Purchase this article with an account.
Julie Marie Schallhorn, Craig S Schallhorn, Steven C Schallhorn; The Utility of Cycloplegic Refraction: Differences Between Manifest and Cycloplegic Refractions in a Large Population. Invest. Ophthalmol. Vis. Sci. 2014;55(13):2734.
Download citation file:
© ARVO (1962-2015); The Authors (2016-present)
To describe the difference between manifest and cycloplegic refraction in a large population over a wide range of ages and refractive errors.
A retrospective review of patients undergoing manifest (Mrx) and cycloplegic (Crx) refraction at a series of private optical centers (Optical Express, Glasgow, UK). All patients underwent Mrx and Crx by experienced optometrists using a ‘push plus’ technique, Crx was performed 30 minutes after 2 drops of 1% tropicamide were instilled. Data was collected on Mrx and Crx, age, gender, pupil diameter, keratometry and corneal pachymetry. Patients aged 18 to 75 years were included in the study if they had a Mrx and Crx performed at the same visit.
There were 365,325 patients (729,626 eyes) that met inclusion criteria, 276,531 patients (509,199 eyes) were myopic and 88,794 (177,415 eyes) were hyperopic, 51.2% were female. The average age of myopes was 35.5 years, for hyperopes it was 50.8 years (p<0.0001). The average myopic manifest spherical equivalent (MSE) was -3.24 ± 2.14D, the average hyperopic MSE was +2.29 ± 1.57D (range -28.625D to + 20.0D). The average myopic cycloplegic spherical equivalent (CSE) was -3.12 ± 2.18D, and the average hyperopic CSE was +2.58 ± 1.70D. The difference between CSE and MSE was greatest in young hyperopic patients and decreased linearly with age for hyperopic patients by 0.175D (95%CI 0.174 to 0.177) per decade of life. For myopic patients, the CSE was, on average +0.141D (95%CI 0.141 to 0.142) greater than the MSE, and the difference remained stable throughout all ages. A cycloplegic refraction was most likely to detect a refractive difference of 1D or greater between MSE and CSE in hyperopic patients under the age of 50; 19% of patients in this group had a difference of 1D or greater between MSE and CSE. Only 1.2% of myopic patients in the same age group had a difference of 1D or greater between MSE and CSE (p<0.0001).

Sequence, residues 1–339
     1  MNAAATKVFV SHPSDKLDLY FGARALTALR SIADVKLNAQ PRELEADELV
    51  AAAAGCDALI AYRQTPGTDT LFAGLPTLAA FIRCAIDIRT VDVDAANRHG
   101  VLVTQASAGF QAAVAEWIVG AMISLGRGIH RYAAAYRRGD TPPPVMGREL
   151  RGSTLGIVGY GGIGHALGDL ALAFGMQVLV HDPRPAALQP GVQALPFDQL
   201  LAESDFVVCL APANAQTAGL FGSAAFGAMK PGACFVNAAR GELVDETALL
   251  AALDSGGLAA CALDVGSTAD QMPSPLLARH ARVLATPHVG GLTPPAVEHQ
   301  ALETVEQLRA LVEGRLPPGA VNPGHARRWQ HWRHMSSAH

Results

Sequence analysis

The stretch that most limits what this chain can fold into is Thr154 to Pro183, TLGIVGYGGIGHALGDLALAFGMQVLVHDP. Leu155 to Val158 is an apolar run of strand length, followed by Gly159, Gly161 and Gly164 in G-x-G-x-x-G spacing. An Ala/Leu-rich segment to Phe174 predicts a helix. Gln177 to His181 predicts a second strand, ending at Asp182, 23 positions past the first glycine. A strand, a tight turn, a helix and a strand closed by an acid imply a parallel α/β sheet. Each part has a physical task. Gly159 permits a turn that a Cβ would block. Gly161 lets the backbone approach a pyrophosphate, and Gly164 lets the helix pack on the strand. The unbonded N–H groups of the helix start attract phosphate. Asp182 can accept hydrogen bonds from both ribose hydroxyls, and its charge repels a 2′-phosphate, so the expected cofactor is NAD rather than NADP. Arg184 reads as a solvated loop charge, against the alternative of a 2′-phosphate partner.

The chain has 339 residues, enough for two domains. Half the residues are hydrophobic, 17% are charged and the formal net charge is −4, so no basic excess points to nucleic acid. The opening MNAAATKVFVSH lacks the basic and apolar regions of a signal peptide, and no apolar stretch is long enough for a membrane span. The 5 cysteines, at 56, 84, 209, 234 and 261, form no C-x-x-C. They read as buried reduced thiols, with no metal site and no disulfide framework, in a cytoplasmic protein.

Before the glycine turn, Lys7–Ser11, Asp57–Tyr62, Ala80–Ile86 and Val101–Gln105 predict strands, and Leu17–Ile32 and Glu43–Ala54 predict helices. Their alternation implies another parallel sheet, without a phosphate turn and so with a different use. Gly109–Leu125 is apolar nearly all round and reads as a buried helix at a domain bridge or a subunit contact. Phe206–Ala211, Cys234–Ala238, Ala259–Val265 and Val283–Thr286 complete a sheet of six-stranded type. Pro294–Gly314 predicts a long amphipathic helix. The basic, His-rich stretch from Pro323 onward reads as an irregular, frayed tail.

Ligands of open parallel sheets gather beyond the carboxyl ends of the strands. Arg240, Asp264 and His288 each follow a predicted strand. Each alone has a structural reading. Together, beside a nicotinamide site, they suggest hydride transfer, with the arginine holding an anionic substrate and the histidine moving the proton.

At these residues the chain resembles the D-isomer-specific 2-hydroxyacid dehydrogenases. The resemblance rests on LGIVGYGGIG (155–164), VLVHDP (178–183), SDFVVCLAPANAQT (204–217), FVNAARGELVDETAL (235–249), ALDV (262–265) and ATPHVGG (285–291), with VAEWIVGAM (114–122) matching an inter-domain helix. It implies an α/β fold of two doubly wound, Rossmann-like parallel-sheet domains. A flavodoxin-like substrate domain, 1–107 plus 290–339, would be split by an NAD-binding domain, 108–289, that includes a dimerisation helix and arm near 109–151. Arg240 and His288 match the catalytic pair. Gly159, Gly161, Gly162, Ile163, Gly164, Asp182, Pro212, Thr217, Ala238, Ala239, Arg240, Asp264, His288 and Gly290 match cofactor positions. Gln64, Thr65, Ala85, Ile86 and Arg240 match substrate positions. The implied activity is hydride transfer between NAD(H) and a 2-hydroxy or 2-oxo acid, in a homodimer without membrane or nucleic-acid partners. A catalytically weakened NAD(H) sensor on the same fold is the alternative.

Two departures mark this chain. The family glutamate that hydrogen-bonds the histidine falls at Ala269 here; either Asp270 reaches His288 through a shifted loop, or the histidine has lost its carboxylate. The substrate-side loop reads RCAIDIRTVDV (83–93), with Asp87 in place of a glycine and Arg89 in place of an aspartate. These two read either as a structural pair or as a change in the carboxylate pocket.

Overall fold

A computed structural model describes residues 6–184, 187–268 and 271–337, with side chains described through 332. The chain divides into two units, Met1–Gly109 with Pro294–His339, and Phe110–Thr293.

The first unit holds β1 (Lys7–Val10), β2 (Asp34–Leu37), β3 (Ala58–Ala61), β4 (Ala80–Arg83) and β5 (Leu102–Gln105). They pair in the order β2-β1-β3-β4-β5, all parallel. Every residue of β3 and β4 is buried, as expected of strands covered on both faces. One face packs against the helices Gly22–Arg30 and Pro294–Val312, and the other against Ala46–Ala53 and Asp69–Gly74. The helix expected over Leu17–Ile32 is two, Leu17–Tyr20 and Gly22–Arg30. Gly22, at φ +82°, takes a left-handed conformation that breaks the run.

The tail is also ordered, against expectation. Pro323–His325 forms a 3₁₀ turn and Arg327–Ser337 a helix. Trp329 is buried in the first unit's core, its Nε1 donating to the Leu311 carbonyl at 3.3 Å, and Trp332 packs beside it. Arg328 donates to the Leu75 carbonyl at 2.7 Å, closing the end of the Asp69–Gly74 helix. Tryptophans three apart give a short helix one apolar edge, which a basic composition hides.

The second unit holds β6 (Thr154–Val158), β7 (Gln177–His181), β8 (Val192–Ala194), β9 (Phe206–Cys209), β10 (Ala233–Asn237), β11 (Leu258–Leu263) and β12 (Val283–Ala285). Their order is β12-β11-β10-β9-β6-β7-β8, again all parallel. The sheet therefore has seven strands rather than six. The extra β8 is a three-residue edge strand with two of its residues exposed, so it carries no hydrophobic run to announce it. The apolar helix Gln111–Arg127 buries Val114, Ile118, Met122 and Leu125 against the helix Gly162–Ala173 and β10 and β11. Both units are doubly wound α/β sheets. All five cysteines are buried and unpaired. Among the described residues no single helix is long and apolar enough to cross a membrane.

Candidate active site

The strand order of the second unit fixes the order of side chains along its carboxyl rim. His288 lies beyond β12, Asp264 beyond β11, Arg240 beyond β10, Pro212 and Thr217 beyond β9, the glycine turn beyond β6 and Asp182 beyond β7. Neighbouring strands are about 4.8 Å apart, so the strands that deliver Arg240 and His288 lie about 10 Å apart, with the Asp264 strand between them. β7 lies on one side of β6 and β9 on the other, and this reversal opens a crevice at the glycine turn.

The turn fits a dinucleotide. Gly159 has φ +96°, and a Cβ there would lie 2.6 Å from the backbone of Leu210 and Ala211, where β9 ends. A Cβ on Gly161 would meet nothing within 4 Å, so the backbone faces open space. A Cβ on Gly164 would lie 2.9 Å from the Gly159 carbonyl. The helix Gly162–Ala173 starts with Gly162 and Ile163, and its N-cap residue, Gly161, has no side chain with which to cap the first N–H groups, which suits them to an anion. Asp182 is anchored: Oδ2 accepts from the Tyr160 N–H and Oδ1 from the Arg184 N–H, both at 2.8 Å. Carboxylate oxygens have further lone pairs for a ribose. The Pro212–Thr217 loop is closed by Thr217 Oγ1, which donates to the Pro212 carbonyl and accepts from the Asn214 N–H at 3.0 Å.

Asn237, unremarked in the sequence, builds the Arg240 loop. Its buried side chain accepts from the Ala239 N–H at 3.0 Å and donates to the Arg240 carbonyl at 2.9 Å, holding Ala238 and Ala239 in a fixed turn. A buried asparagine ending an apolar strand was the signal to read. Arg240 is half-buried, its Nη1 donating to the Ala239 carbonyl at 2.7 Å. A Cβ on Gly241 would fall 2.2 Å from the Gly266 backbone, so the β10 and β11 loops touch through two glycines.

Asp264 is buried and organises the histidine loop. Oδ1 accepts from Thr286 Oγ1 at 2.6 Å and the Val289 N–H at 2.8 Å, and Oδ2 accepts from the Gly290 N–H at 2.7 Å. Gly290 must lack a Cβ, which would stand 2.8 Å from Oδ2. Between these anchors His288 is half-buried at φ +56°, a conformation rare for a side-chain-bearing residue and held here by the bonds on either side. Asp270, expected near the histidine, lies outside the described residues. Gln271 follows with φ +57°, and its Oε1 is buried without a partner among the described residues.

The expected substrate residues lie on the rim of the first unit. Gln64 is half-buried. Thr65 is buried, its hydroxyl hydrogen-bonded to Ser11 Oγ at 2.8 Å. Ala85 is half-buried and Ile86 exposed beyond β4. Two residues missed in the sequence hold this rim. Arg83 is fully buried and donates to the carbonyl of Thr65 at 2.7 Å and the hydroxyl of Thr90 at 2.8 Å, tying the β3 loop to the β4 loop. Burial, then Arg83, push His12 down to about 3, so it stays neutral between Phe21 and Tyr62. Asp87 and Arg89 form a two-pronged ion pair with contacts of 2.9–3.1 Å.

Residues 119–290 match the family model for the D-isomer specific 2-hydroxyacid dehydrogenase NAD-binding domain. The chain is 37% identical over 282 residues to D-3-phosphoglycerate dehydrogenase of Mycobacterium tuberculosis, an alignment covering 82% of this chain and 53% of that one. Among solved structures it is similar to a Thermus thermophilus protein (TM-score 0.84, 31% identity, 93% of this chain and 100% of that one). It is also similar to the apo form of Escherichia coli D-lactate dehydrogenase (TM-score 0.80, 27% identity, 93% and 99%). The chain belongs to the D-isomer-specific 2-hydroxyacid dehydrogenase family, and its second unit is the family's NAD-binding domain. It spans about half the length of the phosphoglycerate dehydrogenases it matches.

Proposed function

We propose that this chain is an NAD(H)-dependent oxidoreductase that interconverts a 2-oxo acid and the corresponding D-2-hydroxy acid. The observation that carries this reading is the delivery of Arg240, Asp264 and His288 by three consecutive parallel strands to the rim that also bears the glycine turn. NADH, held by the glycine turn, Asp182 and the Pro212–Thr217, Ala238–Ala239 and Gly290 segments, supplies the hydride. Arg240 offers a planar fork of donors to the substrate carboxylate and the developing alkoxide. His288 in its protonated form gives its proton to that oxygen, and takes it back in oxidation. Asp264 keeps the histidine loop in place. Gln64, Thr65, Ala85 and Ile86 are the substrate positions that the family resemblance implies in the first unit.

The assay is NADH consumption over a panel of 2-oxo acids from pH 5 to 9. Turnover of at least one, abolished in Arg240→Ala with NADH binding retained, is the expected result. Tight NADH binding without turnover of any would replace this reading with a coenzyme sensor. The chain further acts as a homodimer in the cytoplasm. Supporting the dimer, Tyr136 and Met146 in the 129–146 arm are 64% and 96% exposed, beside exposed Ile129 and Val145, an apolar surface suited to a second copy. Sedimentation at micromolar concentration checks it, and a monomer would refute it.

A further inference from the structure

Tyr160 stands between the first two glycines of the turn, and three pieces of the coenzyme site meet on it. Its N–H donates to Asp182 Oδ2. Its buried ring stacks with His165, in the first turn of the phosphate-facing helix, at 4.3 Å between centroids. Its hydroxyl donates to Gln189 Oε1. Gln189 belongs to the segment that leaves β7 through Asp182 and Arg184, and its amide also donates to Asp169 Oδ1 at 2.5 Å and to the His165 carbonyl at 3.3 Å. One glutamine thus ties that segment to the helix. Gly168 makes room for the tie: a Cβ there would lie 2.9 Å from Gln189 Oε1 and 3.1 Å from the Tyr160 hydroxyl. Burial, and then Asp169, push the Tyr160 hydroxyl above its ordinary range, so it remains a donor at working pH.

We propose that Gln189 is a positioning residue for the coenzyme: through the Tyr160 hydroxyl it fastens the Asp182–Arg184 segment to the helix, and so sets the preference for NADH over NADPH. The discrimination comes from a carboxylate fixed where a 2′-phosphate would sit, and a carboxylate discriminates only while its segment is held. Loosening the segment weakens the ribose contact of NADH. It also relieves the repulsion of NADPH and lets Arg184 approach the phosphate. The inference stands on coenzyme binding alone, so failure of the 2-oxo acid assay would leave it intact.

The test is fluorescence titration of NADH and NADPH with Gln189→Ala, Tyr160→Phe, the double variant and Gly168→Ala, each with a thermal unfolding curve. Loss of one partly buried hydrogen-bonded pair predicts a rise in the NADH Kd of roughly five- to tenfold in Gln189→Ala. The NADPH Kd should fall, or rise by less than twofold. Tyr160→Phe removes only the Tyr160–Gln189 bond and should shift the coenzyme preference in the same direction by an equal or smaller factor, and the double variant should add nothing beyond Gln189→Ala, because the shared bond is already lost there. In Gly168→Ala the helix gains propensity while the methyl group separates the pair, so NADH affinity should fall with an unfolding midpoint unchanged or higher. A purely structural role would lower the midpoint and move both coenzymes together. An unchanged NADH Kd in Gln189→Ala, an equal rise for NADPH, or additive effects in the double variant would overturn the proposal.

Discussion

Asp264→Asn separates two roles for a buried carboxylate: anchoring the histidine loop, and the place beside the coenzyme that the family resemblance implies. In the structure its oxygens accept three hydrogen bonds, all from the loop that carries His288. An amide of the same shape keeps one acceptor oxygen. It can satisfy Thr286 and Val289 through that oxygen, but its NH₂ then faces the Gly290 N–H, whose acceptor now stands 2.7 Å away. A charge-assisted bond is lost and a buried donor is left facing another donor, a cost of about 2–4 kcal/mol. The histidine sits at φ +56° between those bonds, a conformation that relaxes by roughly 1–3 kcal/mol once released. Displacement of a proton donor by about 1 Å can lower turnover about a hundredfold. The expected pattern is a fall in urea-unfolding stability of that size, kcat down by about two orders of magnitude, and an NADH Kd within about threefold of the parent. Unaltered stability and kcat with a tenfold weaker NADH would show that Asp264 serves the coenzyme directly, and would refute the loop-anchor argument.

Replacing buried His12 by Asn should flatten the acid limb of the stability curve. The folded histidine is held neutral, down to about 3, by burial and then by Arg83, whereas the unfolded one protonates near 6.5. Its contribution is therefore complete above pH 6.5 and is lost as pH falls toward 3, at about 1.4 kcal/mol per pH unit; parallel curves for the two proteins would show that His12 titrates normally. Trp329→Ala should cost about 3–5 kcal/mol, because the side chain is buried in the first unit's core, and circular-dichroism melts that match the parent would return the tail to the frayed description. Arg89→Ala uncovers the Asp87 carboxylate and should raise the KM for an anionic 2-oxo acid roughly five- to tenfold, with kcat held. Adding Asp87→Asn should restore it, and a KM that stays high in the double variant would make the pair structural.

For hyperopic patients, the greatest difference between MSE and CSE is in younger patients, this difference decreases linearly over time. Myopic patients are much less likely to have a discordance of 1D or greater between MSE and CSE. Nearly one out of five cycloplegic refractions in hyperopic patients between 18 and 50 will yield a difference greater than 1D, whereas only one out of 100 will yield a difference of 1D or greater in myopic patents.
This PDF is available to Subscribers Only